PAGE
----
Rick's Note:  Surely the ghost of Spartacus rests easier knowing these charlatans have been dispatched for behavior unworthy of a gladiator.  I have warned that travel can be very dangerous.  This story is a good example of the perils an unsuspecting tourist can face.

Believe it or not, a good friend of mine ran into this same problem.  This lady… call her Francis… was visiting Rome with her husband, daughter and son.   Sure enough, they were in the giant field next to Colosseum.  When her husband took off, apparently a young Roman man dressed as a gladiator noticed his family was unguarded. 

Now Francis looked up because her 14 year old daughter was suddenly crying profusely.  Her daughter was accompanied by an angry Roman gladiator demanding a king’s ransom in return for a picture taken of him and the lady’s daughter.  He had his hand around the poor girl’s arm.

Francis gestured to the arm and ordered the man to let her daughter go.  He didn’t speak English, but he knew what Francis wanted.  Instead he put his hand out and demanded 10 euros ($25). 

Francis did not have the kind of money being demanded.  She said ‘no thanks’, but the gladiator refused to stop harassing her.  Things were getting very ugly and the daughter was still crying. 

Francis looked up and saw a nearby Italian policeman across the campo.  She whispered to her son to quietly go fetch the poliziotto.  The gladiator never even noticed.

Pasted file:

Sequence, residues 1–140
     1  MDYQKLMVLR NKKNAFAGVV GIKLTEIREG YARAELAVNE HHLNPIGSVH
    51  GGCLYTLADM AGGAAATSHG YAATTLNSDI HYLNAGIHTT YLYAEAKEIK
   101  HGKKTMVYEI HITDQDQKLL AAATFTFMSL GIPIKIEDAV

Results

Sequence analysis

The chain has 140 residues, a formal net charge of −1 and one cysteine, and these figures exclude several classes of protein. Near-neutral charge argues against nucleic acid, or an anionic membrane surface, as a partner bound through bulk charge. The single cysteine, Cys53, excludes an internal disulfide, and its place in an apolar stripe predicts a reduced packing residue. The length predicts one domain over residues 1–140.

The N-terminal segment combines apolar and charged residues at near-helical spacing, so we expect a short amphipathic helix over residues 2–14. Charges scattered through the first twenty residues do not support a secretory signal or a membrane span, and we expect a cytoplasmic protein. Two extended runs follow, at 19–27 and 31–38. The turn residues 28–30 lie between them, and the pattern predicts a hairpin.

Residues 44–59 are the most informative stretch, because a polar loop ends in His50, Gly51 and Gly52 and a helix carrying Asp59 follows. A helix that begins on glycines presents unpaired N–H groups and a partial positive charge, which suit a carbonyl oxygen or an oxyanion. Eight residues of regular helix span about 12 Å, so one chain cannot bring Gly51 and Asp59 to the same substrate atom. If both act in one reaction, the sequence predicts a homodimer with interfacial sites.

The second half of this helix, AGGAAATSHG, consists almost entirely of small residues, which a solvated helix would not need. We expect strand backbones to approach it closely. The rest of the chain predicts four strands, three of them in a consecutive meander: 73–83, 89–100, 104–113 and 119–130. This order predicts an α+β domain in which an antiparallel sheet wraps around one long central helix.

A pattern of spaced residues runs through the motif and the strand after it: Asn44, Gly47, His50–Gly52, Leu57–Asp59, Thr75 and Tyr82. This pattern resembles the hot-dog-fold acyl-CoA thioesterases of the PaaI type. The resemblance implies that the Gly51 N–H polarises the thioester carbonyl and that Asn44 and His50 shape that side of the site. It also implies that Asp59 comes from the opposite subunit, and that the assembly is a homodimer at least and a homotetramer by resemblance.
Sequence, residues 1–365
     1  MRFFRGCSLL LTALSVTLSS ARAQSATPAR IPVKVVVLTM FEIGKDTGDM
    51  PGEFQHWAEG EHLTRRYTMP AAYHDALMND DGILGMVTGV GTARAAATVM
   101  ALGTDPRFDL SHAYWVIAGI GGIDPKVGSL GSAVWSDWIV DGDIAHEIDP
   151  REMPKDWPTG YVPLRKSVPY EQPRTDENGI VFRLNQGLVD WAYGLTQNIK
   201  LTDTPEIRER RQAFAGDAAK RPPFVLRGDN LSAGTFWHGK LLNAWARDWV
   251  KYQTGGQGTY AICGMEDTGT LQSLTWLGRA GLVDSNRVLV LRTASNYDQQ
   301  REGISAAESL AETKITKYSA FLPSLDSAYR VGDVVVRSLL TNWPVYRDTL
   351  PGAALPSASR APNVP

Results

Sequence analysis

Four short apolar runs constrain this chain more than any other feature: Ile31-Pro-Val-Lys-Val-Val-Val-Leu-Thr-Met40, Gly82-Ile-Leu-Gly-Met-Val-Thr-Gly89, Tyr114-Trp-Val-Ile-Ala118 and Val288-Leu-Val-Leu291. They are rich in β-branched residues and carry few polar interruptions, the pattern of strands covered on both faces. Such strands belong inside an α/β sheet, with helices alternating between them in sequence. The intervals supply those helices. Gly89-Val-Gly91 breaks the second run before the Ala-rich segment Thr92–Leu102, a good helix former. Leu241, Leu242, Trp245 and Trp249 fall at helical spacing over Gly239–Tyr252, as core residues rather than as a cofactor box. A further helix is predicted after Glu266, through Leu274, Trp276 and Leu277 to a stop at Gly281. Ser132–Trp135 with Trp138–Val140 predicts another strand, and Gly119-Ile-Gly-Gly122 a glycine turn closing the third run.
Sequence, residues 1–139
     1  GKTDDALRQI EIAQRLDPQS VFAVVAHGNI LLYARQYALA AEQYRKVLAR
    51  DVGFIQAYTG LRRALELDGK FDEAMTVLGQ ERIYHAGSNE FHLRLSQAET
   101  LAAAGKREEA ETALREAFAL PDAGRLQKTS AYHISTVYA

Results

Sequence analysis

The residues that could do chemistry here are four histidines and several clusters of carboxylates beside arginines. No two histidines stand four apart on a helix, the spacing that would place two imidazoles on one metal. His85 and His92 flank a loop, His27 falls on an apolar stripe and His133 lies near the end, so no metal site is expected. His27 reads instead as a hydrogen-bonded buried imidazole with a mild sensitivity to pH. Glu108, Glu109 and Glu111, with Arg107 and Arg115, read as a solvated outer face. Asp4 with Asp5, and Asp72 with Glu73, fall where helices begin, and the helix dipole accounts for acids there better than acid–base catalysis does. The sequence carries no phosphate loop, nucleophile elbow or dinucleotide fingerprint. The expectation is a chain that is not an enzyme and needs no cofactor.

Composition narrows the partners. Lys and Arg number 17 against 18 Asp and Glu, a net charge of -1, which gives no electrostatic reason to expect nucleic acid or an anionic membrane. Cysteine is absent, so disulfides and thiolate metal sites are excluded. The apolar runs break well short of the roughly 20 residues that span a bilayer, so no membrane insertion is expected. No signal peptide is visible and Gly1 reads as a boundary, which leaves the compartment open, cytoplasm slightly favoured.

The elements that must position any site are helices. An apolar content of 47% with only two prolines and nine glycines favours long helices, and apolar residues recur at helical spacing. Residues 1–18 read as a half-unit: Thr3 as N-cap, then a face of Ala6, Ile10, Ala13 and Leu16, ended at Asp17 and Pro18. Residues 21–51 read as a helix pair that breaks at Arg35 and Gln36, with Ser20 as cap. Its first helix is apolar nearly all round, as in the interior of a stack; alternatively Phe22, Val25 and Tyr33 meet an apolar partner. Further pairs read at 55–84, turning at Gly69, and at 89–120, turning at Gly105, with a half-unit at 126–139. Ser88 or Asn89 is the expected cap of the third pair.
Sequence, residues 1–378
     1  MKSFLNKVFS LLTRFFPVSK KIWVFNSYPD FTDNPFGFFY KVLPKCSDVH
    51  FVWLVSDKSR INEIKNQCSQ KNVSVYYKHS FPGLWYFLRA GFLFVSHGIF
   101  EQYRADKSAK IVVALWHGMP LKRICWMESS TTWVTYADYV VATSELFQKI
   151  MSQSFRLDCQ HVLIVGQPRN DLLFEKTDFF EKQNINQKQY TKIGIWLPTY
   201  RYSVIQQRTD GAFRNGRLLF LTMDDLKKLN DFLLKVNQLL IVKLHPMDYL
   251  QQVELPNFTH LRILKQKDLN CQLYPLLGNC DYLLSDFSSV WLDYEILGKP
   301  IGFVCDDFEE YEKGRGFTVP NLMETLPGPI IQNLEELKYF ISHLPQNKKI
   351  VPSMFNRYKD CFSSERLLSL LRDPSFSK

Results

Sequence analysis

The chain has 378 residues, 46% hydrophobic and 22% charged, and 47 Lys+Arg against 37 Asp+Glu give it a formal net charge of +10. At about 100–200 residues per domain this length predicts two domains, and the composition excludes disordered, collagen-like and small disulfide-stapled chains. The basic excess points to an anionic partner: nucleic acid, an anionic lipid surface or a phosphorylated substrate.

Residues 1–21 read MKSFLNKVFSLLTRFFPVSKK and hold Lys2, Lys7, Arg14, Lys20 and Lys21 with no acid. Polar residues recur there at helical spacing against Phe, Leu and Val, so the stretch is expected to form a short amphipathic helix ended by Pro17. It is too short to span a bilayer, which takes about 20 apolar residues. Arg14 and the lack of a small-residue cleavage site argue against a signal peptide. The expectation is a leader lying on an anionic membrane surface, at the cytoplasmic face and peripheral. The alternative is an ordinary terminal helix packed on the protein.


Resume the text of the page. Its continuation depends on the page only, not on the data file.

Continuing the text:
Sure enough, the poliziotto was more than happy to intervene.  I think this policeman knew exactly what was going on.  Only one problem… he didn’t speak very good English.  Something got switched in translation.  Francis was trying to say the man wouldn’t let go of the girl’s arm, but the policeman understood her to mean that the gladiator had “touched” the girl in the wrong way.

By the time Francis had finished explaining what had happened, the policeman began accusing the gladiator of molesting Francis’ daughter.  Now this was a very serious crime.  A look of horror came over the gladiator’s face and he began to beg Francis to explain his innocence.  The gladiator was so frightened, he began to cry. 

The sight of this belligerent, heavily-muscled gladiator suddenly reduced to tears and begging on his knees for her help was more than Francis could handle.  She began to laugh and put her hands up as if to say, “Enough already. Calm down!”

To the policeman, Francis began saying everything twice, “It’s okay, it’s okay, scusa, scusa, no problema, no problema.”

Eventually the policeman got the idea.  He cuffed the gladiator on the side of his head and walked away. 

And you thought Scylla and Charydis were the only dangers you had to worry about??

Fortunately, the next time we take a cruise trip to Rome, I think I can protect everyone from the obvious dangers.  My suggestion is to walk the streets as a gruppo.  In the land of the gelato traps and gladiator photo scams, the best protection is always safety in numbers.